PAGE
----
Character-driven, gentle and deeply human, Love is Strange ranks among the most genuinely heartfelt films of the year. Just when you think the film will go in a preachy direction by pitting Ben and George against the Catholic church, it goes in a refreshingly different direction by exploring how each of them adapt to their new living situations, and how their relationship evolves while living apart from one another. Not a moment rings false, and, unlike many films, it gets more interesting and complex as it goes along. Each character comes across as lived-in and there's more to them than meets the eye, even the supporting characters such as Joey. The fact that Sachs keeps the running time down to 94 minutes is a testament to writer/director Ira Sachs' talent and discipline as a filmmaker; if this were 2 hours or longer, it would've overstayed its welcome.
Sachs and co-writer Mauricio Zacharias trust you as an intelligent member of the audience by not force-feeding you or hitting you over the head with any messages. The moments of comic relief work well while the darker moments feel understated without veering into melodrama or pretension. None of this would have worked without the fine cast each of whom is well-cast. John Lithgow and Alfred Molina give career-best performances that deserve awards recognition. You can sense Ben and George's love of one another on a palpable level from start to finish which makes Love is Strange all the more engrossing and quietly powerful.
Sasha (Leighton Meester) and Paige (Gillian Jacobs) have been best friends since childhood despite their differences: Paige works as an environmental lawyer while Sasha slacks off more often than not while aspiring to become a musician. When Paige starts to date Tim (Adam Brody), her friendship with Sasha gets put to the test as Sasha feels envious of all the new attention that Paige gives Tim.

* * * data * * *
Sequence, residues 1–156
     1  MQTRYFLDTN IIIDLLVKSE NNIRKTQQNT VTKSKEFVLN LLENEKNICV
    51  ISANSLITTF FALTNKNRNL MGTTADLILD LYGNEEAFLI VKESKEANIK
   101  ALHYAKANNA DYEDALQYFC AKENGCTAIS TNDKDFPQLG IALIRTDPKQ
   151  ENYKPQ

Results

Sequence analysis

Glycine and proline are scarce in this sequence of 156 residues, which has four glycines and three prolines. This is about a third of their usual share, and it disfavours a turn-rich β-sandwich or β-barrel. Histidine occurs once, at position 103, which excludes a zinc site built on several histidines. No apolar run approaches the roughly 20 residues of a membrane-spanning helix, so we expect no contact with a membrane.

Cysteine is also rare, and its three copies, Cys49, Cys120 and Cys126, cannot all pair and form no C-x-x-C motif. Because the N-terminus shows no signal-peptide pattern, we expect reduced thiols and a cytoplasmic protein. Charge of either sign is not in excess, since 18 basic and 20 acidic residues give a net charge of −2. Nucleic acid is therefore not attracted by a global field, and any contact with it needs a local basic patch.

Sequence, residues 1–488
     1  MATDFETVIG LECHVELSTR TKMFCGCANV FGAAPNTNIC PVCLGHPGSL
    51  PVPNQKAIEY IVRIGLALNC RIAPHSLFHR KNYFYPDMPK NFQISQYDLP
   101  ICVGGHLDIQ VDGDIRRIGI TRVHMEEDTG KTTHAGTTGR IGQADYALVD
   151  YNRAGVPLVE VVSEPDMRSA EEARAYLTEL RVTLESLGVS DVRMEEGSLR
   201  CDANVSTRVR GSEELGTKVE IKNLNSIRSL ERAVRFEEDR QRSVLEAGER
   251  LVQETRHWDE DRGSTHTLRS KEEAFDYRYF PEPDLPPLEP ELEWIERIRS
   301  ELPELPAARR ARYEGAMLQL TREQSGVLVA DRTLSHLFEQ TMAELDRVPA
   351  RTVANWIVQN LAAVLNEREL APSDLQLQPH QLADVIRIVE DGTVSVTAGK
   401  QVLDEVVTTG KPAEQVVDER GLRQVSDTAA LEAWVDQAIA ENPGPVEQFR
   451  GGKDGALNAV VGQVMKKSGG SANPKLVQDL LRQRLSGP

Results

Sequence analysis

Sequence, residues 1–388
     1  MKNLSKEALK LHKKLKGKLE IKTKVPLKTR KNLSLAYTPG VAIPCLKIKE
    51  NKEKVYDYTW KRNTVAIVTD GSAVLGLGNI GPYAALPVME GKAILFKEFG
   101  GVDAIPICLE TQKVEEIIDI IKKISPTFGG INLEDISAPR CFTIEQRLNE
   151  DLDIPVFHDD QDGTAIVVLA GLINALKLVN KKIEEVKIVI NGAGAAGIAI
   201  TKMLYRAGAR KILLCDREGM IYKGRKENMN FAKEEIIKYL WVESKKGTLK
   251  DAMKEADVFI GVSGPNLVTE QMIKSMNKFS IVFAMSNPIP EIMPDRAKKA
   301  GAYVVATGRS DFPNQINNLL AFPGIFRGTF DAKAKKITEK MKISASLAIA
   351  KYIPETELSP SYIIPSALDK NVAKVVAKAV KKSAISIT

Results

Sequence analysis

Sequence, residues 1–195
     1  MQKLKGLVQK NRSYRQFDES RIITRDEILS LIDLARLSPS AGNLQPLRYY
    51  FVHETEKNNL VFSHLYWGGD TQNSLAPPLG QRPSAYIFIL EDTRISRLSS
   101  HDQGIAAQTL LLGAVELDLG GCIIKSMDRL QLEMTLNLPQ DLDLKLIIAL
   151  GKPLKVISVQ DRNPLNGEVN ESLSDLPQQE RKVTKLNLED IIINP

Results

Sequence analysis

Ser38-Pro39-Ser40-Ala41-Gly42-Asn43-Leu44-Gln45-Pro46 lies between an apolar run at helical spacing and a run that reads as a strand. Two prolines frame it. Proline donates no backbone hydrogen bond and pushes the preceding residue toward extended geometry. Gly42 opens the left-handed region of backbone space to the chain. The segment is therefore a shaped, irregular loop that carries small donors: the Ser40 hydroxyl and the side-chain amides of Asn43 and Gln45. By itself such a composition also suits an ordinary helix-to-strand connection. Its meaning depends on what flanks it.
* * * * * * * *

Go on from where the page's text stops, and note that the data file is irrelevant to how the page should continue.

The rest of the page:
Life Partners is a perfect example of how quality dramedies can only be found outside of Hollywood nowadays. The screenplay by writer/director Susanna Fogel and co-writer Joni Lefkowitz not only has interesting, dynamic female characters (which in-and-of itself is quite rare to find), but also boasts wit, charm and warmth while remaining grounded in humanism. Fogel and Lefkowitz clearly know and understand what that their film is truly about friendship and the important of growing up to face reality. Fortunately, the blend of comedy and drama works quite well without any uneveness or, most importantly, sans attempts to cater to the lowest common demoninator. In other words, this is a movie for adults, although it can also be enjoyed by teenagers who are sick of being bombarded with mean-spirited, dumb Hollywood films.
It's also refreshing to see Leighton Meester displaying her acting chops and sinking her teeth into a meaty role which films like The Roommate, That's My Boy and The Oranges didn't allow her to do in the past because of their weak, shallow, inane screenplays. Hopefully, she will continue to make wise decisions after Life Parters. This equally funny, wise and tender film would make for a very good thematic double feature with the Australian film Muriel's Wedding.
16-year-old Eric Love (Jack O’Connell) has just entered adult prison because he has repeated his violent crimes. At the prison, he meets two individuals who will shape him for better or worse: his estranged father, Neville (Ben Mendelsohn), who happens to be a prisoner in the same wing, and Oliver (Rupert Friend), a therapist who leads group sessions with inmates in hope of helping them to escape their cycle of violence. Between run-ins with prison gangs, dealing with his father and the corruption of the prison system, Eric has a lot on his plate if he wants to not only survive prison, but to escape his violent tendencies which brought him there in the first place.